Advent Devotional: Week Four - Wednesday
Scripture Reading: Matthew 2:16-18 (HCSB)
Then Herod, when he saw that he had been outwitted by the wise men, flew into a rage. He gave orders to massacre all the male children in and around Bethlehem who were two years old and under, in keeping with the time he had learned from the wise men. Then what was spoken through Jeremiah the prophet was fulfilled:
A voice was heard in Ramah,
weeping, and great mourning,
Rachel weeping for her children;
and she refused to be consoled,
because they were no more.
The story of Herod and the infants of Bethlehem is a horrific episode of the birth narrative that is almost universally absent from Sunday school accounts of the story. Yet it is fundamental to understanding the hope that is present in Jesus’ birth. Here is one who will finally lead his people from slavery and persecution to the Promised Land. God wants to show that this infant born in a manger is uniting himself to the history of God’s struggling people.
The story, in itself, casts shadows of Pharaoh’s slaughter of the Israelite children in Egypt (Exodus 1:22), and Matthew helps us remember the children of Rachel who were killed by the Babylonians when they plundered Israel into exile (Jeremiah 31:15-17). Yet even in Rachel’s inconsolable grief, God promises future hope for his child Israel in his son Jesus.
In Herod we see an evil king whose rule and power is threatened by one who is divinely appointed to rule. Jesus is the king who will bring a new relationship between God and man and will lead his people to true salvation and victory. In the face of insurmountable evil and sorrow, we see God working his purposes to heal, restore, and renew hope, a hope that will be ultimately secured and anchored in the cross and resurrection. As you feel the sorrow present in evil and suffering, grieve. But grieve with hope, for a new day has dawned.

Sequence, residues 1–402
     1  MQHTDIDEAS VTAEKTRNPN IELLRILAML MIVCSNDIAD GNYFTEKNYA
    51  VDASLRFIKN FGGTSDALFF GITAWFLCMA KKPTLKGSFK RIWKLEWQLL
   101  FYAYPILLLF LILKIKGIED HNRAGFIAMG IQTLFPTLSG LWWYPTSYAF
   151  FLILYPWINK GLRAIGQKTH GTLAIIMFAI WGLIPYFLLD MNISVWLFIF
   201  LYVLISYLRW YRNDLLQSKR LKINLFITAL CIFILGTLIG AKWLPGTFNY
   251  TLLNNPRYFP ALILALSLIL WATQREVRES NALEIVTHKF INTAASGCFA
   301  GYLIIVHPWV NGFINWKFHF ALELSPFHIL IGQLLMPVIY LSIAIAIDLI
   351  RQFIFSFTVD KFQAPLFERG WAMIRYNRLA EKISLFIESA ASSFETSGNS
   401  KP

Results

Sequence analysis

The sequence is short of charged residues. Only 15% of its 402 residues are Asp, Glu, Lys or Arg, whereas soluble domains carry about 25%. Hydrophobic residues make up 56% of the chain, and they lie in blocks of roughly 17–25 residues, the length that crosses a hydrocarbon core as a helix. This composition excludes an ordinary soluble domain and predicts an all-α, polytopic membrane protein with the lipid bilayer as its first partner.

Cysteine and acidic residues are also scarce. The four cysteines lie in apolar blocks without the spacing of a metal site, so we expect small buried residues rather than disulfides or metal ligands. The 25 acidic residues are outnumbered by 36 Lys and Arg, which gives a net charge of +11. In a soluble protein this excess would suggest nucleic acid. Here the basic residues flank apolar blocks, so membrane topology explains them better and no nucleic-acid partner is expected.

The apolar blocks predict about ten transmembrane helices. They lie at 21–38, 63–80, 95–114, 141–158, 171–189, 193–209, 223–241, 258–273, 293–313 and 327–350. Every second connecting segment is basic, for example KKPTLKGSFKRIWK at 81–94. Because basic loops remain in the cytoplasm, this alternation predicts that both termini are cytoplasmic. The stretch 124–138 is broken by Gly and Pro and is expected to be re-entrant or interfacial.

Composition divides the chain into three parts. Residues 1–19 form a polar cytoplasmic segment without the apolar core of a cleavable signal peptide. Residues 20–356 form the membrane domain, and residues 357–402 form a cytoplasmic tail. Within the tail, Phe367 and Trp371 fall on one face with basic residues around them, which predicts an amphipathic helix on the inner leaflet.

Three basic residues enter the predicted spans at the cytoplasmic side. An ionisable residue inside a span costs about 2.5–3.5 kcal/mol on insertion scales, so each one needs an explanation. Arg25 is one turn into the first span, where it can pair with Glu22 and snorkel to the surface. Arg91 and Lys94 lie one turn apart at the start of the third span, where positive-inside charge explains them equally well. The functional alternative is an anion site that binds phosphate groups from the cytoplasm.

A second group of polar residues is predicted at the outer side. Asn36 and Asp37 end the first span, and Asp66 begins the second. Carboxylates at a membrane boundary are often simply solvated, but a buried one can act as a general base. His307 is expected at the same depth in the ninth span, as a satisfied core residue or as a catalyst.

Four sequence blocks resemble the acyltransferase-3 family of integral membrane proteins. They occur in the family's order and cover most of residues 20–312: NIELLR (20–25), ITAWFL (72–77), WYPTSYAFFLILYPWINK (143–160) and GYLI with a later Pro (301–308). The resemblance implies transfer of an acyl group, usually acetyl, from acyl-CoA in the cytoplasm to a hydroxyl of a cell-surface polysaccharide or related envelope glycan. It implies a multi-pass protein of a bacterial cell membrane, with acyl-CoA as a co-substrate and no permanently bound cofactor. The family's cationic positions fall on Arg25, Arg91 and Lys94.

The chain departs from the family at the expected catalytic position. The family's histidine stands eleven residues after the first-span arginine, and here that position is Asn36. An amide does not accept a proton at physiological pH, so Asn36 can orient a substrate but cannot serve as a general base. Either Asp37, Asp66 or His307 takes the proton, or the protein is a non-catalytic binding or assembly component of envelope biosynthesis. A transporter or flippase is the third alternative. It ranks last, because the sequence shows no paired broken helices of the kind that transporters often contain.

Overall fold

Prayer: Dear Father, we have all wept in the stark reality of evil and suffering in this world. We open our eyes daily to see a world still so broken from sin. Continue to give us joy and hope rooted in a savior who shared in the world’s tragedy and humanity. Soften our hard hearts with the songs of the angels and the outpouring of God’s Spirit. And continue to bring the blessings of your kingdom throughout the whole world.
Advent Singing: "Who is This?"
Who is this so weak and helpless, child of lowly Hebrew maid, rudely in a stable sheltered, coldly in a manger laid? 'Tis the Lord of all creation, who this wondrous path has trod; he is God from everlasting, and to everlasting God.
Who is this, a Man of Sorrows, walking sadly life's hard way, homeless, weary, sighing, weeping over sin and Satan's sway? 'Tis our God, our glorious Savior, who above the starry sky now for us a place preparing, where no tear can dim the eye.
Who is this? Behold him shedding drops of blood upon the ground! Who is this, despised, rejected, mocked, insulted, beaten, bound? 'Tis our God, who gifts and graces on his church is pouring down; who shall smite in holy vengeance all his foes beneath his throne.
Who is this that hangs there dying while the rude world scoffs and scorns, numbered with the malefactors, torn with nails, and crowned with thorns? 'Tis the God who lives forever 'mid the shining ones on high, in the glorious golden city, reigning everlastingly.